The Teacher Pay Issue in Indiana Requires Modern Solutions
By Helen Shere
Last week, I attended the Governor’s Next Level Teacher Compensation Commission’s Indianapolis input session. The Commission was created to collect innovative ideas on teacher pay in Indiana. At the meeting, I listened to educators from across central Indiana speak about the effects of low salaries and rising insurance costs. Throughout that meeting and into the convenings that happened this week in Evansville and Elkhart, the message was clear: As a state, we must take immediate action for the sake of our teachers and students.
My own experience mirrors that of the educators who spoke at the session. As an early-career Indianapolis Public Schools (IPS) biology teacher, my take-home pay after insurance, classroom supplies, and childcare for the baby my husband and I are expecting this fall would be $600 a month. After running the numbers and considering my future earning potential within the district, I decided to hand in my resignation. Unfortunately, it didn’t make financial sense for me to teach — and each year, many teachers in Indiana reach the same conclusion.
According to the NEA, Indiana’s average teacher salary in 2018–19 was $50,937, roughly $10,000 below the national average. Equally concerning is our state’s average starting teacher salary of $35,943, which is not only below the national average for novice teachers ($39,249), but is well under the $48,000 national median salary for recent college graduates. This means that early-career teachers in Indiana have lower salaries than their similarly-educated peers in other fields, and their earning potential in our state is lower than that of educators in other states. It should then come as no surprise that our state loses an average of 18% of its teachers each year, and that the majority of those who leave the classroom are teachers in the first five years of their career.
While these statistics paint a bleak picture, there are a number of innovative solutions that can be gleaned from both school districts and the private sector. For example, in 2017 Wayne Township in Indianapolis reported a 9% turnover rate, half the state average. Wayne’s focus is on attracting and retaining early career teachers and its salary schedule begins at $42,500 and caps at $83,270, nearly $10,000 higher than IPS’ highest salary of $74,920. Wayne’s salary model also allows teachers to advance their pay in large increments by earning “points” for professional development, continuing education, and teacher leadership. This approach attracts early career teachers into the district and offers incentives to those teachers to advance professionally over time to help retain them long-term.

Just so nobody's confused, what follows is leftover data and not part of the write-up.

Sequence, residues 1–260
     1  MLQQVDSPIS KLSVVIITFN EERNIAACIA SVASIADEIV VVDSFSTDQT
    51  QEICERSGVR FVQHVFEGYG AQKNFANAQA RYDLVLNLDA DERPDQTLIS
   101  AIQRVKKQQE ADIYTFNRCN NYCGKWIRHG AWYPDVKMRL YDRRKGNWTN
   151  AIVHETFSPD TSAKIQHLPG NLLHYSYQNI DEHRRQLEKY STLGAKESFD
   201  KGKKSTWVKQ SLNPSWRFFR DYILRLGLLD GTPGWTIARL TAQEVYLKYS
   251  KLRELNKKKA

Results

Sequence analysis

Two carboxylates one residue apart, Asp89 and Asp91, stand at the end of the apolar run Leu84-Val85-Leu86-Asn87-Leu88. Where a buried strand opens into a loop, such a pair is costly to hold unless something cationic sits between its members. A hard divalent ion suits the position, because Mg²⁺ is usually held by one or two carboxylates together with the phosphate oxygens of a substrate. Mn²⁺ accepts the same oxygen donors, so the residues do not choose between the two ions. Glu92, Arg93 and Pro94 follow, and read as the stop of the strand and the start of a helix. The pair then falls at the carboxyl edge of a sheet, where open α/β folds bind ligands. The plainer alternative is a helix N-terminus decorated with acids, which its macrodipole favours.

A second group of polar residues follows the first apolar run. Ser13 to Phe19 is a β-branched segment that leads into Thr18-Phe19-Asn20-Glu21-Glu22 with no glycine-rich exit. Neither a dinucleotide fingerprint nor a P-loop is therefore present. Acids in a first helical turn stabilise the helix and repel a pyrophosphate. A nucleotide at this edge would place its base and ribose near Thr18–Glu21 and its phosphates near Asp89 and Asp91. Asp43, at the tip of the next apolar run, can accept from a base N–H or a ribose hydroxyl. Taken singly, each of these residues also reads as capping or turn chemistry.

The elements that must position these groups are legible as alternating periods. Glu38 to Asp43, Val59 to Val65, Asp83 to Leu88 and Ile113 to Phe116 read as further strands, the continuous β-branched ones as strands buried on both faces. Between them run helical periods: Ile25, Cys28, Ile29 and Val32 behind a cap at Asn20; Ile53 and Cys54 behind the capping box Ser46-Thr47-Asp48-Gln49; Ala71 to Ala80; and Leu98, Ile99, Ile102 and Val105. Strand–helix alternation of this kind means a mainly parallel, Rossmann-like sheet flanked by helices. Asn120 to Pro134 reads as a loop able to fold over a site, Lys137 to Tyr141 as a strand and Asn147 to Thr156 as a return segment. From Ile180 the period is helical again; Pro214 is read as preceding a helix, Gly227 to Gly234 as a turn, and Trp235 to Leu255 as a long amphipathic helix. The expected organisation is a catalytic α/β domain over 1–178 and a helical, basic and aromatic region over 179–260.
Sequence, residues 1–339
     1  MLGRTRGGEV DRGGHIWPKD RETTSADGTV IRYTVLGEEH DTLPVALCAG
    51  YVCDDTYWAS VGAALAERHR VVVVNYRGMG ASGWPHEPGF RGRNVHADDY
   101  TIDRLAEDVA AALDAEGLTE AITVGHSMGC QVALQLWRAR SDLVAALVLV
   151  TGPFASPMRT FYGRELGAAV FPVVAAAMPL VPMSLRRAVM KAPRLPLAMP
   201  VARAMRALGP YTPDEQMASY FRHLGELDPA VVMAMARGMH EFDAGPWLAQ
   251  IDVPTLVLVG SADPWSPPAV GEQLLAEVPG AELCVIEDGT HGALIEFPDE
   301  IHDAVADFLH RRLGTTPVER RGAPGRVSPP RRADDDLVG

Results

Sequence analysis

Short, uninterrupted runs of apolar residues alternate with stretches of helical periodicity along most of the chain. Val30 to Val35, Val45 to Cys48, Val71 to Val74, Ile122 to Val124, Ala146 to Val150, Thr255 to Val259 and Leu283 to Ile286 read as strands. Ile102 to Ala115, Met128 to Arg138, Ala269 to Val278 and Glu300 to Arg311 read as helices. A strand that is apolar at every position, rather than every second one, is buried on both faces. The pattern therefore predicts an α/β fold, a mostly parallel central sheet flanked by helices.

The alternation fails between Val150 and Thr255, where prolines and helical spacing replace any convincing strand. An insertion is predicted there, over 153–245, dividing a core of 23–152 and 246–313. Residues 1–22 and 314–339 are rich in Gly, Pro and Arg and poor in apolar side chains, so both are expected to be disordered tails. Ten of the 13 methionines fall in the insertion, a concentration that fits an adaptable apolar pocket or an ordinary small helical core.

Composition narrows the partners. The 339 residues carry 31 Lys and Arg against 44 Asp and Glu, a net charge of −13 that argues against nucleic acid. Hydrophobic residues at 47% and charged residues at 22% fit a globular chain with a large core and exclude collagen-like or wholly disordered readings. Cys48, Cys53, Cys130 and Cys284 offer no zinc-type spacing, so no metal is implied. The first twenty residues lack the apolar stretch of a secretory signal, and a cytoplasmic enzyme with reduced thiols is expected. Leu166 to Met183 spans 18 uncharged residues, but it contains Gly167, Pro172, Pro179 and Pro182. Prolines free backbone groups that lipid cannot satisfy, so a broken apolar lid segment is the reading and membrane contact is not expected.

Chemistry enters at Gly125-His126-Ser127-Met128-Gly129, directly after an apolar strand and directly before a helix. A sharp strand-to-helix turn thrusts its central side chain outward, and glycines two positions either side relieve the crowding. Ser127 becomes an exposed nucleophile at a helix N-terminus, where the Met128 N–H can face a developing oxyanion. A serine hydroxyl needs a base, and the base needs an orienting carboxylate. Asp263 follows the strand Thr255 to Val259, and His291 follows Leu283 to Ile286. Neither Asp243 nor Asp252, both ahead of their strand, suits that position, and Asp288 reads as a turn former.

Compensation models found in the private sector may also benefit our state’s schools. For example, companies such as Aetna and Staples offer student loan repayment as part of their benefits package. Different models exist for this — some employers make flat monthly contributions, while others use a system similar to a 401(k) match — but any substantial offer of loan repayment would make a district competitive to teaching applicants. This would help attract early-career teachers, who are often recent college graduates carrying student debt, and provide an incentive for them to remain in the classroom long-term. As an added perk, it may encourage experienced teachers to pursue continuing education opportunities.
Another idea is to provide novice teachers with grant money (similar to a signing bonus) that can be used to offset the expense of setting up a classroom for the first time. Teachers frequently spend their own money on school supplies; these funds would go far in helping new teachers establish their classrooms without breaking their budgets. Finally, districts should look critically at their insurance policies, and if needed, adjust them to be more family-friendly. Certain rules, such as spousal exclusion, can put growing families in a financial bind. In my case, continuing to teach would have meant paying for two separate insurance policies, each with high deductibles. Family-friendly insurance options should be commonsense in a field where the majority are women, and most of them are of childbearing age during the first years of their career. Of course, not all teachers choose to have children, but those who do should be supported rather than pushed out of the classroom.
The Commission has now heard from stakeholders from across the state. As they process the input from the public, I encourage the Commission to consider a variety of solutions, taking cues from successes in every field. I also urge them to continue to speak with teachers and principals individually to better understand the financial realities facing our educators, and to research innovative best practices to address the issues concerning teacher compensation. We need these critical conversations and we need positive change for Indiana’s teachers.
Helen Shere previously taught 9th-12th grade IB biology at Shortridge High School in Indianapolis. She is Teach Plus Indiana Teaching Policy Fellowship alumna.